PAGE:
I saw Oprah show the other day on autism. Naturally, I was interested in what everyone had to say, and wanted to see how so many families are doing with their children who are autistic.
Since Paige has been born, I've always been somewhat puzzled about human development and human nature. We try to be so politically correct, and so unbiased, and so accepting of people who are different, whether it be because of race, religion, color, ability, etc.
But, I sometimes feel as if I fall very short of that non-prejudice way that I am supposed to be living.
I wrestle with a lot of things when I consider Paige "disabled." Even more so in the last year, as we have received an additional diagnosis of autism, and as I have been reading so much about autism itself through the eyes of a person who is autistic. Amanda has made me re-think so many things, and has made me realize maybe I haven't been that far off in the things that I have considered.
Like most parents of a child with T21, or other developmental challenge, I have, at times, felt very guilty and very much like a bad Mom when I haven't been rigid in my "training" of Paige - when I have let a therapy slip, or tossed away an afternoon by playing in the pool instead of working on letters or speech, or behavior.
I think for all of us, there's always this nagging thought that we could have done just a little more...and if we did, maybe our kids would be just a little farther ahead in their progress if we did.
But, here's the rub...
I have always accessed all of the available services for Paige - OT, PT, SLP, hippotherapy - you name it, we have faithfully signed up for it all.
Yet, here I am, the mom of a beautiful, intelligent little girl of 10 who does not speak...who by all accounts, is perhaps at around a 3 year old age level in all areas (except speech, of course).
What I wrestle with, though, is this...
Maybe, just maybe, its quite o.k. that she is developmentally 3 years old. Maybe, just maybe, that is exactly how God has intended her to be. Maybe she's not broken, and maybe I shouldn't be trying to glue the pieces back together.
We all say we want our kids to be happy. Would Paige be immensely happier if I were able to train the T21 or autism out of her? I'm not so sure she would be...because she seems quite joyous just as she is.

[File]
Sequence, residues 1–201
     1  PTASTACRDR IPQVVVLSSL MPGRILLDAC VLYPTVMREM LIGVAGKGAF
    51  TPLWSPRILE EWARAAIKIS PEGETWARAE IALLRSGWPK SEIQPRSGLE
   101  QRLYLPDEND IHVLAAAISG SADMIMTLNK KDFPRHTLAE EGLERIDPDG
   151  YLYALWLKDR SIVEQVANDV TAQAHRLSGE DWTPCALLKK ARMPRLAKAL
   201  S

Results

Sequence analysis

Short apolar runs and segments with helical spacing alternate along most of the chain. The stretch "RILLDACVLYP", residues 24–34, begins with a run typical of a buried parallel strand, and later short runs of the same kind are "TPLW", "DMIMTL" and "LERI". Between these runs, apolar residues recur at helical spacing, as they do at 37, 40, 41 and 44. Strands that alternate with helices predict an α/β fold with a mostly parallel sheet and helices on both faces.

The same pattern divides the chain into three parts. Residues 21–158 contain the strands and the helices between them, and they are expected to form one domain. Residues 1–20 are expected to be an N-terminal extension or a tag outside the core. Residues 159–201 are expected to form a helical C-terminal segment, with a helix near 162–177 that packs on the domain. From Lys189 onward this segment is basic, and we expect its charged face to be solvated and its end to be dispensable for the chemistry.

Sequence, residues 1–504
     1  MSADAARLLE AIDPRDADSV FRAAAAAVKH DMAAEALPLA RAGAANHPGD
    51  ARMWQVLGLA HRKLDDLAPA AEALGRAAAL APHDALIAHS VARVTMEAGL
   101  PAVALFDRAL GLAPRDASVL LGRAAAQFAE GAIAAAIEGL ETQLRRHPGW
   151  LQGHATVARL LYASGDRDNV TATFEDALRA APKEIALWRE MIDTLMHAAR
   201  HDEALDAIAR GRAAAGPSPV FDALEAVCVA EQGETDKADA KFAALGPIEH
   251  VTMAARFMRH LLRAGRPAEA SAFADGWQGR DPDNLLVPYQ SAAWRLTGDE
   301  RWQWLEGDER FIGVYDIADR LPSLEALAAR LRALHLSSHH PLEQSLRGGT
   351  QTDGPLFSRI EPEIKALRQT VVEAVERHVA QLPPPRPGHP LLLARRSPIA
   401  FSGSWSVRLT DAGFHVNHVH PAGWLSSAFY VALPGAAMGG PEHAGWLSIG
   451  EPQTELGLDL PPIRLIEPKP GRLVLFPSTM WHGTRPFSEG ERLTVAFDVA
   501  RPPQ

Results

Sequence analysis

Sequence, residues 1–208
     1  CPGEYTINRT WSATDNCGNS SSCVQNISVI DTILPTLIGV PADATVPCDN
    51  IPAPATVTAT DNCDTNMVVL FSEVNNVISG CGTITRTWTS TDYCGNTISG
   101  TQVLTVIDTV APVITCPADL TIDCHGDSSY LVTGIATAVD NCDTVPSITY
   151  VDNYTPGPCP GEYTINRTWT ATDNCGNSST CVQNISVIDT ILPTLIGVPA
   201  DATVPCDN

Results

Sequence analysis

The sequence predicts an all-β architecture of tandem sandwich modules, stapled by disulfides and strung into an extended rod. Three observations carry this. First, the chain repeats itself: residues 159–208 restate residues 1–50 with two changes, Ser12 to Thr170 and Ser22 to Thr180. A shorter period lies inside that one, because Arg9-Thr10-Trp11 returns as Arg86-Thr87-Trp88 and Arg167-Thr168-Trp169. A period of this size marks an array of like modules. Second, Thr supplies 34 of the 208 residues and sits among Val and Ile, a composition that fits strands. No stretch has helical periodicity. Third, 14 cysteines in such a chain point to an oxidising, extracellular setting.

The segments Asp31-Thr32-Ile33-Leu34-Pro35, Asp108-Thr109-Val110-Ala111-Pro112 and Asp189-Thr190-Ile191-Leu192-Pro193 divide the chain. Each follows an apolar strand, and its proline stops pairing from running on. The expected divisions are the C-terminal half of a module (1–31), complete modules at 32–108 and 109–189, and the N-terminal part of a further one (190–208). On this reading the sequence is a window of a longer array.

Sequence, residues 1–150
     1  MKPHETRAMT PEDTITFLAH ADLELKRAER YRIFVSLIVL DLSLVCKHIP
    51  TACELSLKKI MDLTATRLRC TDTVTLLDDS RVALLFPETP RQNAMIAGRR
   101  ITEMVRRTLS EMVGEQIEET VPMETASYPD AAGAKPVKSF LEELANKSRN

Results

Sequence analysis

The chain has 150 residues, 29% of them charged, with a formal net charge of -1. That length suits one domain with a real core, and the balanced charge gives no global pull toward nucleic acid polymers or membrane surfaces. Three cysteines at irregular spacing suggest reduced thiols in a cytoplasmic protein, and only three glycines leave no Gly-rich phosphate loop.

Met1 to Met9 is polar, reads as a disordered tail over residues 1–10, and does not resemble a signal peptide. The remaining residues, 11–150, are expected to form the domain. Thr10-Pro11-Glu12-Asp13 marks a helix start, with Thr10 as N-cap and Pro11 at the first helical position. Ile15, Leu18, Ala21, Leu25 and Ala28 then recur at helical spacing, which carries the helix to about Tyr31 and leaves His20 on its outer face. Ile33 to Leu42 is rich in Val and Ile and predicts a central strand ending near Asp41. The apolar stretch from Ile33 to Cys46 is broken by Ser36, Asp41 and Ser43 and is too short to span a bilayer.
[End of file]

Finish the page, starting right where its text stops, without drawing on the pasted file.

Is it fair for us to strive so much to bring our kids closer to "normal"? Or is it simply our desire to have them be more "normal?"
Obviously, we should be doing everything we can for our kids to help them achieve their best, just like we would do with our typical children. But how much farther should we go...how much harder should we push kids with developmental delays?
At what point does it rob them of their ability to be "normal" in their own context? Amanda writes often of liking herself just as she is, and wanting to be accepted just as she is; she doesn't require fixing.
We really must not forget the benefits of a good giggle fest on the floor of the living room, or a strawberry dipped in whipping cream just because it tastes good, not because it helps with oral motor skills.
We have to remember the joy of reading for the sake of reading, not just as an essential quest to allow our children independence. Bubbles in the bathtub are just as beneficial when they are fun and silly and making Santa beards as they are when they are part of speech therapy.
And while we are at it, we need to give ourselves a break about being perfect parents. Because you know what? Perfect parents of perfect children have kids that have temper tantrums in the mall, and cry over nothing sometimes, and strike another child because she has his toy.
In the video on Oprah, one parent worried about her son's "inappropriate touching" of strangers. He liked to hug people. Imagine the horror!!! Imagine how bad it would be if we got 50 hugs a day instead of two or three? Imagine when a teenager with autism claps his hands excitedly and cheers because he recognizes a song he loves?
I'm starting a campaign - I'll be that person who welcomes the inappropriate behavior of a person with autism or T21. If there's a song on the radio that requires a dance, I'll stop and dance - if someone wants to hug me, I'll take 10 or 15 seconds out of my day to receive and return that hug. If someone wants to teach me a tune that consists of a few repetitive syllables, I'll be happy to sing along.
In the meantime, for all of those people who try to train our kids out of inappropriate behavior who might be worried about job security, I've got a few suggestions for you...
Maybe you can work on the person who cuts me off on the highway and flips me the bird. Or who stands 10 feet outside the front door of a building and smokes at me. Or waits on me in the grocery store without so much as a kind word, or an acknowledgement of my presence. Or who stops and stares at me when I share a full body hug with Paige, that involves wrapping not only arms, but legs around my body and saying, "I love" over and over again. Or the one who swears at her child in Walmart out of frustration.
Maybe everyone needs to work on appropriate behavior sometimes.